Dodsworth (1936, William Wyler)

!!! A+ FILM !!!

A woman discusses with her illicit lover the contents of a letter sent by her husband, who’s staying in their home overseas. She complains that the conversation has left her cold, ruined her evening, that the letter brings too many things to light that she’d prefer to forget. Her suave new man strides to her, reaches over and lights a match, setting the letter ablaze in a not-so-subtly erotic gesture. She lets it go and it drifts into the wind past them, unnoticed, gracefully spinning through the air until it settles on the ground in a final balletic plunge. It’s just a quick scene, almost nothing is made of it, except that the very inclusion of such a detail, growing out of a quick maneuver of hands, suggests that small moments like this mean everything in the story being told, and it proves to be so.

Dodsworth is the sort of movie that closes the gap between the past and present. Among even the most universally beloved of classic films, few can be named that retain so much of their vitality and feel as present as though they were shot last year. Part of this agelessness springs from simplicity: it’s a movie about people, specifically a married couple whose relationship is tested during a long planned-for vacation abroad. Yes, these are people of considerable means — he a retired automobile tycoon, she an heiress — but this gap too is one that the film means to shrink or even ignore, since the bare essence of their emotional inner lives is its concern, and therefore ours. Regardless of background or outlook, people and their fickle, worn-down hearts are the one thing whose relevance can most assuredly remain eternal. Dodsworth takes its settings, characters and basic themes from a Sinclair Lewis novel meant to satirize bourgeois values, and this subversive essence does rear its head here and there (if you want to see what a straight adaptation of the idea might have looked like, get thee to Hitchcock’s Rich and Strange), but director William Wyler — seldom mentioned as a Hollywood humanist alongside Capra and Borzage, but maybe he should be — could no more reduce his tragic marrieds to stereotype or scorn than Jean Renoir could do the same with the hopeless idiots populating Rules of the Game.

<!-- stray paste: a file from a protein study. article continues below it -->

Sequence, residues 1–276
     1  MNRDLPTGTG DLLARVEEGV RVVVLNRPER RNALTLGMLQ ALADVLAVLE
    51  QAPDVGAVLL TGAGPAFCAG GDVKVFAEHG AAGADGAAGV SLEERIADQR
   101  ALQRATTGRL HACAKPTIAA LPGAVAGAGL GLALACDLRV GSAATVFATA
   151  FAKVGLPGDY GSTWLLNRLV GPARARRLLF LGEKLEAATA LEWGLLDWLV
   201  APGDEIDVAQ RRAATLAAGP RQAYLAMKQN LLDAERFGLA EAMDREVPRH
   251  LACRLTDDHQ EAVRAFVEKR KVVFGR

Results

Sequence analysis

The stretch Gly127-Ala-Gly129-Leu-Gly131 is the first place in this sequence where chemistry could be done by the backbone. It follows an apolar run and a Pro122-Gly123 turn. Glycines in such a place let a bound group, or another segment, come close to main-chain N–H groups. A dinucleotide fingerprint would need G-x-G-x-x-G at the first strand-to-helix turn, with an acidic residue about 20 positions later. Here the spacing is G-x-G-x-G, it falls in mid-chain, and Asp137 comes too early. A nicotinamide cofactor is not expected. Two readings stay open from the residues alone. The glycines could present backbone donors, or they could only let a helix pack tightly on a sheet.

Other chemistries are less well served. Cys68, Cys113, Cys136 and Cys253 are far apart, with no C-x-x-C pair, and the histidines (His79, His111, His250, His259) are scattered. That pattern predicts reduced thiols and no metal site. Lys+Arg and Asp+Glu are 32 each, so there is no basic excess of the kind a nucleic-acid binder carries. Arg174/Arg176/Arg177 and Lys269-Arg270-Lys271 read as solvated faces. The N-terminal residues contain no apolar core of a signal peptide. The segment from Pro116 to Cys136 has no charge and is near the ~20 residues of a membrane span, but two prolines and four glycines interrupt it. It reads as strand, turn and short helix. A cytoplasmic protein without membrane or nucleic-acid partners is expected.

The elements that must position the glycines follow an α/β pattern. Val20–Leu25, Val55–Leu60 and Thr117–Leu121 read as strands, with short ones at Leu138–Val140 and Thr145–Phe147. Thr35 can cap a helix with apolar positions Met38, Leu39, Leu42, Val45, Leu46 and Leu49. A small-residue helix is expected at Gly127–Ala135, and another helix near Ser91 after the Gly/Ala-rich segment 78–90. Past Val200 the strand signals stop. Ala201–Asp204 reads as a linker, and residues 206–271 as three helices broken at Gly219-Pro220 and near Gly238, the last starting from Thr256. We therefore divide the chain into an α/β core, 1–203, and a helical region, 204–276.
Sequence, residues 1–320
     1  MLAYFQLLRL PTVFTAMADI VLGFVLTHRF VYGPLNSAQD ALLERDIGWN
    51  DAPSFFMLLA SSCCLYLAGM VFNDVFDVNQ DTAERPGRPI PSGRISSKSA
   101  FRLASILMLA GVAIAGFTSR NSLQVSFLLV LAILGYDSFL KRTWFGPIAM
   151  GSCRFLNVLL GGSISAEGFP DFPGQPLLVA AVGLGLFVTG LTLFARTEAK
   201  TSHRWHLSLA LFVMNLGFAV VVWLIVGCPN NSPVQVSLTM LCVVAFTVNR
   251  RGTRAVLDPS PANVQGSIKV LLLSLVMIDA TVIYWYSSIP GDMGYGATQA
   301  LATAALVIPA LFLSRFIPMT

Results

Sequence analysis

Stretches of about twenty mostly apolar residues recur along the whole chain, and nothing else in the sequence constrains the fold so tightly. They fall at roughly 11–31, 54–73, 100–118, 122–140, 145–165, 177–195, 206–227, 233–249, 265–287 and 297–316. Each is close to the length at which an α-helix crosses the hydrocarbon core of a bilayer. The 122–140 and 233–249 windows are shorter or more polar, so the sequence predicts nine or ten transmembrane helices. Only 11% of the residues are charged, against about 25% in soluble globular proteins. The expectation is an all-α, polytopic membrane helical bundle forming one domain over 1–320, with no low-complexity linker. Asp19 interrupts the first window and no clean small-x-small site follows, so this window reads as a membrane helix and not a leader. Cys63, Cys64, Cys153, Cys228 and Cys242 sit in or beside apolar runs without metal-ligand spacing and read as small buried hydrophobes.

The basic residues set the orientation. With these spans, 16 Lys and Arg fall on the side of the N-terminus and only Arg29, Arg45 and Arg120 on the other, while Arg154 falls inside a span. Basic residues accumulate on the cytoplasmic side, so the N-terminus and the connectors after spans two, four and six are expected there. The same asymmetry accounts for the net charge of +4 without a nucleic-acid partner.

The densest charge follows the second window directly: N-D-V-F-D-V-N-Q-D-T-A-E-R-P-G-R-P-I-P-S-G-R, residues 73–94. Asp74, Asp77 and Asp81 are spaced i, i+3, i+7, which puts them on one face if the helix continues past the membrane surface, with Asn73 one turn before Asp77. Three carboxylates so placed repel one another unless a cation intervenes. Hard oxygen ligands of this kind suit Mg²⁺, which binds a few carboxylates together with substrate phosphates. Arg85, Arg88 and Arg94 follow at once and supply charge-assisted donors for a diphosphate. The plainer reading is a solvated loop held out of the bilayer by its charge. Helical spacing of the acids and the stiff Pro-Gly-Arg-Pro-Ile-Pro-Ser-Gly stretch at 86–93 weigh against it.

The unhappy couple’s attempt at a long second honeymoon is approached with affable enough enthusiasm by post-midlife crisis former workaholic Sam Dodsworth (Walter Huston) but it’s clear that the prime mover of the trip is his often outwardly insecure, shallow wife (Ruth Chatterton), openly terrified of aging and obsessed with the appearance of high society, running against her husband’s vision of the two of them as “hicks.” As soon as they hit the cruise ship, she begins to stray and initiate a test of his faith, determination, love, his need to understand and take care of her. It sounds simplistic, a tale told a thousand times, and even unbalanced and unfair, but the intricacies in the story grow with every minute as triangles develop and disintegrate, emotions ebb and flow, and wounds grow deeper. All the while, we are given a depressing but painfully real glimpse at an extended relationship that has grown inoperable, all the tangled webs of emotions and dread and buried happiness and unspoken secrets.

One-sided though it may sound, all of this — aside from the healthy amount provided by the great Lewis, screenwriter Sidney Howard and director Wyler — is detectable in the face, personality, voice, full expression of Huston, who gives what must count as one of the great movie performances of all time. Like Jimmy Stewart, Huston acts with every bone in his body, every trace of a movement, every expression on his face, every tinge of hope and doubt in his voice. Huston performed the role of Dodsworth on stage for years, and yet the movie reveals things that could never have been visible in a play: His eyes, every physical nuance he adds to every line, it all seems to serve an ideal of acting that becomes so complete, almost eerily real. He comes across so much as a person — and hardly a perfect one; he, too, begins to stray, and we’re given to understand that for all his faithfulness, he was somewhat neglectful of his wife’s needs when she was making a home for him — that his command and identification with the viewer are absolute.